1st Quarter, 2006
Science Scholarship Winner
“Understanding of science is essential to understanding of life. This has been my motivation for academic pursuit and intellectual development. However, this was not always so. When I was creating my schedule for my first year of high school, my guidance counselor gave me the choice of taking an art class or a science class. Being a young, naive thirteen-year-old, I saw no comparison, and quickly chose the art class. Since my school only requires three years of science courses, this seemed to me, at the time, a logical choice.”
A Portion of Lauren Griffin’s Winning Essay:
Understanding of science is essential to understanding of life. This has been my motivation for academic pursuit and intellectual development. However, this was not always so. When I was creating my schedule for my first year of high school, my guidance counselor gave me the choice of taking an art class or a science class. Being a young, naive thirteen-year-old I saw no comparison and quickly chose the art class. Since my school only requires three years of science courses this seemed to me, at the time, a logical choice.
I did not realize the error of my ways until the beginning of my sophomore year. At this time, my science requirement was Biology. Due to my high Math and English grades I qualified for the honors class. Here, I fell in love with biology. I thoroughly regret not taking science that first year, despite how much I enjoyed the art class.
What surprises me now is that I never realized how much science was already an important part of my life outside of the classroom. I have always been drawn to the natural world. On family vacations to the beach I would spend hours observing life in a tide pool. During the summer months I would examine the different butterflies that emerged in our flower garden. This affinity for science has always been with me, but it took a talented teacher and a rigorous course to introduce me to the academic world of science and attract me to its further investigation. My naturally inquisitive nature prodded me to delve further into this subject, and my continual interest in numerous biological topics led to the choice of biology as my future college major.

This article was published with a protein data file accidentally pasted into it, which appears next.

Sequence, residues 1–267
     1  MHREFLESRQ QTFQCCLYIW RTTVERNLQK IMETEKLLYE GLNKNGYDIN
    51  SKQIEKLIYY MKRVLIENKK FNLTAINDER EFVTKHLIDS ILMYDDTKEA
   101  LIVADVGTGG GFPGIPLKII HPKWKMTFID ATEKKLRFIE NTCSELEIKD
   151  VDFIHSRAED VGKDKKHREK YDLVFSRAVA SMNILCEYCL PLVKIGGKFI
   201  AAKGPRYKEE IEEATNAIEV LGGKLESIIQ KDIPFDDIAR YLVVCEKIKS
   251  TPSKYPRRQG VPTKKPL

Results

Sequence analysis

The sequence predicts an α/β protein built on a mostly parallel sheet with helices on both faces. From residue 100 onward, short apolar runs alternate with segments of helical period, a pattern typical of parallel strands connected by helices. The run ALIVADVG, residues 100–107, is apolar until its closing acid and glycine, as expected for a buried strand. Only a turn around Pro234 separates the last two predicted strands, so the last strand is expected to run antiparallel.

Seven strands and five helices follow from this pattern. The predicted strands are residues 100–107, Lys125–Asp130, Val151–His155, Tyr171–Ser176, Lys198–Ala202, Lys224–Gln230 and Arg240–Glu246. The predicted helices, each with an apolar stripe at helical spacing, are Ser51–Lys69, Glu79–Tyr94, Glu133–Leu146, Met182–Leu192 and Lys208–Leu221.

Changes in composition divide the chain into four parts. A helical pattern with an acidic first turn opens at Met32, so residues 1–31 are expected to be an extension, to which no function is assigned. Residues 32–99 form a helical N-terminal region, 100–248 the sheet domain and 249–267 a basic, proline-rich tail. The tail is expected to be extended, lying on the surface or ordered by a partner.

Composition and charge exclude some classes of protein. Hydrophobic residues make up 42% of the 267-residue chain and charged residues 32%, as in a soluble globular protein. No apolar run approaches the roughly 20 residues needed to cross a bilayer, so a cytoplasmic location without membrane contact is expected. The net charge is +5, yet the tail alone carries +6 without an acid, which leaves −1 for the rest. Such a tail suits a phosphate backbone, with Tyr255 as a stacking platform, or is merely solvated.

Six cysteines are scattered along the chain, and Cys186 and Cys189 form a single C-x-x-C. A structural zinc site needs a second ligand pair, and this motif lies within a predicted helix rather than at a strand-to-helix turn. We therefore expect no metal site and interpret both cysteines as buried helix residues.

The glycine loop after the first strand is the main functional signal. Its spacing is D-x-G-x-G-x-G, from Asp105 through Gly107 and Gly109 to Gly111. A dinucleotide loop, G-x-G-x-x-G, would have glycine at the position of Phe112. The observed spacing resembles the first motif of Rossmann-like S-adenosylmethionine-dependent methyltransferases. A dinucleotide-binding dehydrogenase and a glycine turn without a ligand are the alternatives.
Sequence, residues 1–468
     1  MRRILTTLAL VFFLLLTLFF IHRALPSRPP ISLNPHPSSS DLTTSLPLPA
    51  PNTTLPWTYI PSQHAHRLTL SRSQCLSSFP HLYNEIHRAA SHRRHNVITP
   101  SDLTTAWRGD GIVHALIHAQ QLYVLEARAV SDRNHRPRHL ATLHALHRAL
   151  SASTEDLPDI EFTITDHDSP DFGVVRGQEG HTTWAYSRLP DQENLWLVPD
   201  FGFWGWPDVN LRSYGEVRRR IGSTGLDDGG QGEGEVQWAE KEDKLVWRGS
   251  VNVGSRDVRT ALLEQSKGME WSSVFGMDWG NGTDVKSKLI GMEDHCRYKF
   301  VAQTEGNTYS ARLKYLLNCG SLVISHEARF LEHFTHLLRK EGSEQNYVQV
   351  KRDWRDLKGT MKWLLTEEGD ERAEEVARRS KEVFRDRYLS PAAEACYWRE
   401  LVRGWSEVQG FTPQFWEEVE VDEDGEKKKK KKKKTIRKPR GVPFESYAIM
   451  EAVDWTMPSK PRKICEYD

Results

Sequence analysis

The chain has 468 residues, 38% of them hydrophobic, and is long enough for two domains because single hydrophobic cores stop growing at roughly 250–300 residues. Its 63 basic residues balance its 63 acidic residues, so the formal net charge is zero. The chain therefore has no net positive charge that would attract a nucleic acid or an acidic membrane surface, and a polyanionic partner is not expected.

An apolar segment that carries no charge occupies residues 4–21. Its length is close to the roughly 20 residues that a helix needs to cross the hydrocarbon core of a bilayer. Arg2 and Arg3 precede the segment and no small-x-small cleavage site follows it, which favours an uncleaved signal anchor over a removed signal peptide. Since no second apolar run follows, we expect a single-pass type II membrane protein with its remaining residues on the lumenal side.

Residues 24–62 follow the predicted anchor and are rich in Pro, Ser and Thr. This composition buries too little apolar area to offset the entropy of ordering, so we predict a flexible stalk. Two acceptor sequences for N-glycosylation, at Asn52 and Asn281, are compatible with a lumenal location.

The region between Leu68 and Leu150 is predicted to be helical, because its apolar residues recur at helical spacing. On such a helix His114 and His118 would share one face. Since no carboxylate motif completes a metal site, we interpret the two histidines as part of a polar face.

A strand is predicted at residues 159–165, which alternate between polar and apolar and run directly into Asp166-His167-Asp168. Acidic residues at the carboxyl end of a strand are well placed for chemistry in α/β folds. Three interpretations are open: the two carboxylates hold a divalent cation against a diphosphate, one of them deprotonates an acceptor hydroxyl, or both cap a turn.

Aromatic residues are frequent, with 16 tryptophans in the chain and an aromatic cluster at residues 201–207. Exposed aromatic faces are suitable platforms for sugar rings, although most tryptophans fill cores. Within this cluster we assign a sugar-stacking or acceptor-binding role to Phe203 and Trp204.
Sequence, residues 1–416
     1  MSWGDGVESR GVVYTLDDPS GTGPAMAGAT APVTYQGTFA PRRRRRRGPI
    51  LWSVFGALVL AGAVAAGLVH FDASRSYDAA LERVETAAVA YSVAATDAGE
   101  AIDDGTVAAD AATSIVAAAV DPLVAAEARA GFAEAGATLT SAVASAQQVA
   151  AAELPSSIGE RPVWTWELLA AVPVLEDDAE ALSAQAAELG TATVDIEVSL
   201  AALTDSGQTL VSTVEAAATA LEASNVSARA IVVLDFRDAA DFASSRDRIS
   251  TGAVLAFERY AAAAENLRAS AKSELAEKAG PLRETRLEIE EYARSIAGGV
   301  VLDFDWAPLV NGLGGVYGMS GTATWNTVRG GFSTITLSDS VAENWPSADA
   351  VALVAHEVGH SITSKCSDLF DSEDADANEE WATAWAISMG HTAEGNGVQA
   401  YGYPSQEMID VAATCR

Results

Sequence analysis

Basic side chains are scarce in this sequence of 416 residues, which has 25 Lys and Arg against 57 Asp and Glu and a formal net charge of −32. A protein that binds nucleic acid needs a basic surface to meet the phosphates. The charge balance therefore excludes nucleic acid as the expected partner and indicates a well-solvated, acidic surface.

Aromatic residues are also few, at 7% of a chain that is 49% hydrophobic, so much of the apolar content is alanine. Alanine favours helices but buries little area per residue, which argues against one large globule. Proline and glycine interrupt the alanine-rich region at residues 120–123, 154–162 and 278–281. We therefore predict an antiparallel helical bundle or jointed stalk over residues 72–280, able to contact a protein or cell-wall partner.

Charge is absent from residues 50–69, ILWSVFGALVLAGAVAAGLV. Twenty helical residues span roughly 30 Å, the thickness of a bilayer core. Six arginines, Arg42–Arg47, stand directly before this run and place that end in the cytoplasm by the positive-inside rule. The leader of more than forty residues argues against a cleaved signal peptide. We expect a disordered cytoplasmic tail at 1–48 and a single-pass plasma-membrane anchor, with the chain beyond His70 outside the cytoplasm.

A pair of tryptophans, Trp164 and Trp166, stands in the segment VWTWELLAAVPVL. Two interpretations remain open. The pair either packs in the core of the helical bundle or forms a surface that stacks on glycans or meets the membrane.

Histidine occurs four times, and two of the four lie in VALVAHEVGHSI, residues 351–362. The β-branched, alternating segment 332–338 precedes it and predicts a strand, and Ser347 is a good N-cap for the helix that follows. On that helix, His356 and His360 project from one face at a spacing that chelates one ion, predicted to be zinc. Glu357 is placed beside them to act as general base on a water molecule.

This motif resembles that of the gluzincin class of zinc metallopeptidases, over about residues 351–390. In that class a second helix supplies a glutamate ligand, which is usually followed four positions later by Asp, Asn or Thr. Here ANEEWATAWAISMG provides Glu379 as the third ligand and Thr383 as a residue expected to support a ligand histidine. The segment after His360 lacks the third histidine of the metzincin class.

This decision was not made rashly. I seriously considered several fields of science, including chemistry, before settling on biology. I tried to picture myself twenty years from now and imagined what I could be doing. In all of my scenarios, despite the small details that varied, the white coat and laboratory remained constant.
When I was young my father encouraged me to become a doctor, as many fathers might. He was convinced that I was going to be a doctor. I was going to be a doctor no matter what anyone else said. When I was learning to speak, I called myself ‘Lorni’ since Lauren seemed impossible to pronounce. Unfortunately, it stuck as a family nickname for me. My father’s desire for me to go into medicine even went as far as his addressing me as “Dr. Lorni.” While I considered this possibility as well, certain aspects of my personality veered away from this path.
I am self-proclaimed indecisive. From small decisions such as menu choices at a restaurant to the major task of college choice, one of my flaws is my inability to make quick definitive selections. On the bright side, this same indecisive personality flaw can be viewed as an asset. ‘Indecisive’ is easily interpreted as ‘thorough.’ While this is not always desirable at a restaurant, in the field of science research it is beneficial. Quick interpretations of results are rarely accurate, and thorough is the key to research success.
Medicine, however, requires quick thinking, not in the fact-based sense but in regards to making life-or-death decisions. As I matured through high school, I leaned more and more towards research and less towards medicine. While this may disappoint my father, I know he will be equally supportive in whatever aspect of science I choose.
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